We’re building a new UNICEF.org.
As we swap out old for new, pages will be in transition. Thanks for your patience – please keep coming back to see the improvements.

Evaluation database

Evaluation report

2016 Global: Evaluation of UNICEF’s humanitarian response to the Syria crisis

Author: Hetty van Doorn, Brian Majewski, Ian Heigh

Executive summary

With the aim to continuously improve transparency and use of evaluation, UNICEF Evaluation Office manages the "Global Evaluation Reports Oversight System (GEROS)". Within this system, an external independent company reviews and rates all evaluation  reports. The quality rating scale for evaluation reports is as follows:  “Highly Satisfactory”, “Satisfactory”, “Fair” or “Unsatisfactory”. You will find the link to the quality rating below, labelled as ‘Part 4’ of the report, and the executive feedback labelled as 'Part 5'.


Starting from non-violent protests in February 2011, the crisis in the Syrian Arab Republic accelerated into an all-out conflict inflicting untold suffering and hardship on civilian populations. By the end of 2015, an estimated 13.5 million people, including 6 million children, were in need of humanitarian assistance. Of the people affected, some 7.6 million were within Syria - in 2015 alone, more than 1.4 million people were displaced inside the country, many for the second or third time. An additional 4.6 million Syrian refugees were registered in neighbouring countries, with approximately 3.5 million hosted in Jordan, Lebanon and Turkey. 

Conservative figures estimate that more than 191,000 people have lost their lives in the conflict. With at least 10,000 children killed in the Syrian Arab Republic since 2011, child casualty rates are the highest recorded in any recent conflict in the region.

The regional neighbours have made tremendous efforts to accept the flood of refugees – but the dimension of the crisis is placing these countries – and vulnerable host communities – under stress, that their situation may become politically and socially unsustainable. The influx has pushed up demand for already scarce supplies and resources, such as increased competition for livelihoods and access to basic social services. The political challenges faced locally have changed and evolved, while the security situation is under constant flux. This environment is impacting the implementation challenges and conditions faced by humanitarian organizations assisting the local population.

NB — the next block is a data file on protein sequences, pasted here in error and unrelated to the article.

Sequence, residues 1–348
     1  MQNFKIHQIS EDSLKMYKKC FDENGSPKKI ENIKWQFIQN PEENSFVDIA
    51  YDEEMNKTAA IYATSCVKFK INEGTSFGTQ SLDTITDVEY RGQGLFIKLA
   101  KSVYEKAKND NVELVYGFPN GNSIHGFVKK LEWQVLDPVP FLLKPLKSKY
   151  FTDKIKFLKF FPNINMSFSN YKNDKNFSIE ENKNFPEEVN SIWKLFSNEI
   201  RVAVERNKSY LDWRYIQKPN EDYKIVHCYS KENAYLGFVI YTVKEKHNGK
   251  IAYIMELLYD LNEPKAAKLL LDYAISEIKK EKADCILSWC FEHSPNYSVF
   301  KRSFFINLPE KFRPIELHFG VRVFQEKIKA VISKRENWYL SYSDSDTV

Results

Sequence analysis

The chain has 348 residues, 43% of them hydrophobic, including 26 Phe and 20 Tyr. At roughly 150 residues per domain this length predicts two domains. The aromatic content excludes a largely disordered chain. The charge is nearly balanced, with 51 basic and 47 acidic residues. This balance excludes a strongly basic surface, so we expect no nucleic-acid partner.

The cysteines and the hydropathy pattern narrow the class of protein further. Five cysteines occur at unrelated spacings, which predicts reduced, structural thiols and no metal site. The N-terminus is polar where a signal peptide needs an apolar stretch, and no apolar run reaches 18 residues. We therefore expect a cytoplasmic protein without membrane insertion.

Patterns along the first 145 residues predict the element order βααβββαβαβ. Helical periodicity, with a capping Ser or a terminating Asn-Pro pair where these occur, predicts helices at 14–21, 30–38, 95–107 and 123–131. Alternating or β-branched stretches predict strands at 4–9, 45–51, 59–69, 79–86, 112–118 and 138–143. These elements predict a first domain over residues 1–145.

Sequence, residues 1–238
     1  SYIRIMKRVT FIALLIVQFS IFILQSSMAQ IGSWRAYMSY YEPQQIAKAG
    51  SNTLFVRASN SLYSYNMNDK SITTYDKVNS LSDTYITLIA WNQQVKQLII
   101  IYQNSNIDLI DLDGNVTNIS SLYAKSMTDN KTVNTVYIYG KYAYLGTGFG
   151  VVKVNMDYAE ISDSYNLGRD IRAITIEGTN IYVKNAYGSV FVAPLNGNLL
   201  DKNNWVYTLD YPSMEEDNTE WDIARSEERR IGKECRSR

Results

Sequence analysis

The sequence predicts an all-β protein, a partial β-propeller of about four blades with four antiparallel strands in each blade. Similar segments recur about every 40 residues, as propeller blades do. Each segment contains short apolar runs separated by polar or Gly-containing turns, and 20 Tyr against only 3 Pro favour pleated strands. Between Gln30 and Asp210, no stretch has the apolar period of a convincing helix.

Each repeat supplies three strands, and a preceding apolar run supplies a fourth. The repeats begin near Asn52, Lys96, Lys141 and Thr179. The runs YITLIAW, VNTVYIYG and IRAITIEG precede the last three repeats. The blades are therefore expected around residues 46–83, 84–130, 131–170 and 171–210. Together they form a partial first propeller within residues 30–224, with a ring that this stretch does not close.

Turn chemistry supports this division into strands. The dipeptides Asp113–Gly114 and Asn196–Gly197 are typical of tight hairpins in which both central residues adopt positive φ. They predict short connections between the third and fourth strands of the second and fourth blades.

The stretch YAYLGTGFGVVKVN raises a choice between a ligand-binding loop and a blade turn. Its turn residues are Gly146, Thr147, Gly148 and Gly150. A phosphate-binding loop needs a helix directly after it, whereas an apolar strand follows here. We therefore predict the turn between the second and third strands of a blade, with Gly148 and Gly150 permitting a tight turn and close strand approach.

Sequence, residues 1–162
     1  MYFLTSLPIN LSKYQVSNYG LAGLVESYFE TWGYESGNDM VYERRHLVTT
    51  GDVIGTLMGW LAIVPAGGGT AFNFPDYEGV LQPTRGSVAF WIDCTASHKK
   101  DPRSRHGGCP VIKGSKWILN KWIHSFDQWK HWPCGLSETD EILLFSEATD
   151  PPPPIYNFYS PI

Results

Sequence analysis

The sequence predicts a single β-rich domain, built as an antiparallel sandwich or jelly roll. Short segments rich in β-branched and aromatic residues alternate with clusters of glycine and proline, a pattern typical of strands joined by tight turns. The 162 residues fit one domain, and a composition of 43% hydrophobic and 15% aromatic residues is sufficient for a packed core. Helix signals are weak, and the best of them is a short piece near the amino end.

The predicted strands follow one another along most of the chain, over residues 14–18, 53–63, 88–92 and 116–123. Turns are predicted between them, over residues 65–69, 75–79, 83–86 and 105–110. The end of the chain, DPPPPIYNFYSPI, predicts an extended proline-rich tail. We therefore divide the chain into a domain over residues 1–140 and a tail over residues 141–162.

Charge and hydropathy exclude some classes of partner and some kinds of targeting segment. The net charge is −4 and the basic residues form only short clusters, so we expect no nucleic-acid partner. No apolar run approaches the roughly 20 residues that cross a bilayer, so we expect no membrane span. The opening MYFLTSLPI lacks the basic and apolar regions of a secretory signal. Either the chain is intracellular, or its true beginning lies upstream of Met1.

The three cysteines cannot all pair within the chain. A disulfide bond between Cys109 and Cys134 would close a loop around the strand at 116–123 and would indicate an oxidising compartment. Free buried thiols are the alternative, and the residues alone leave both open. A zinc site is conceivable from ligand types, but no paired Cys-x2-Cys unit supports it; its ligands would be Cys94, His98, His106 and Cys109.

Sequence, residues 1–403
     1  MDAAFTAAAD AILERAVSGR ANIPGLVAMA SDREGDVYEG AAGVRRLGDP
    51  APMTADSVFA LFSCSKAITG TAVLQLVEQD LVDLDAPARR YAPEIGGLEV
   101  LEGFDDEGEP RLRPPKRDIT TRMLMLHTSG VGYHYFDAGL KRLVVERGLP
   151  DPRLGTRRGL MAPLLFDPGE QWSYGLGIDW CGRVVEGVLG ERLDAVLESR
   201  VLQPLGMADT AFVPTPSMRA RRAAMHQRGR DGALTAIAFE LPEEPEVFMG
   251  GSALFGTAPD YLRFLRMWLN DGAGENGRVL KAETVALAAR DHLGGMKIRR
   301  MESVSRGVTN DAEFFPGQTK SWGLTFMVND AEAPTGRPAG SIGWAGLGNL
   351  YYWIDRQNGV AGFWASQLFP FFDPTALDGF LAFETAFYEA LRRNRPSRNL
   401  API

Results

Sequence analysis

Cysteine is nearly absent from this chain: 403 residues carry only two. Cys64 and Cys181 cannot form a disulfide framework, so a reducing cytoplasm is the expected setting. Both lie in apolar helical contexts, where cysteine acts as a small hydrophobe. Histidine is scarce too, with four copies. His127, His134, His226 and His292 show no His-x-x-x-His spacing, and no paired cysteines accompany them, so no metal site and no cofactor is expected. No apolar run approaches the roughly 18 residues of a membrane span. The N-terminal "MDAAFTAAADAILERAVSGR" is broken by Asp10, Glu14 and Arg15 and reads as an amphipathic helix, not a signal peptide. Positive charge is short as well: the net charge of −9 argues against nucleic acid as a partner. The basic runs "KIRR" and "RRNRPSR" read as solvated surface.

As the crisis began to deepen, UNICEF joined the international effort to reach affected populations with humanitarian assistance by mounting complex, large-scale operations across the sub-region. Six UNICEF country offices (COs) supported the delivery of programmes designed to meet the needs of crisis-affected children inside the Syrian Arab Republic and in neighbouring countries.


The evaluation is intended to serve both an accountability function (historical/summative) and a learning function (forward-looking/formative). The scale and funding for the crisis necessitates an accountability function; the fact that the crisis is becoming a protracted emergency necessitates the learning function. Equal weight is attached to both. The evaluation aims to support further strengthening of UNICEF’s performance in protecting children’s rights and well-being in the region and in responding to large-scale multi-country emergencies.

The purpose of the evaluation is to provide a comprehensive assessment of UNICEF’s overall response to the Syria crisis against its own mandate and standards, its stated objectives, and standard evaluation criteria. The evaluation, based on collation and analysis of relevant data and information,  generates evidence, conclusions and key lessons and recommendations concerning UNICEF’s future humanitarian responses both in the sub-region and elsewhere.

The main objective is to provide an independent and robust evaluation of UNICEF’s emergency response under three main headings: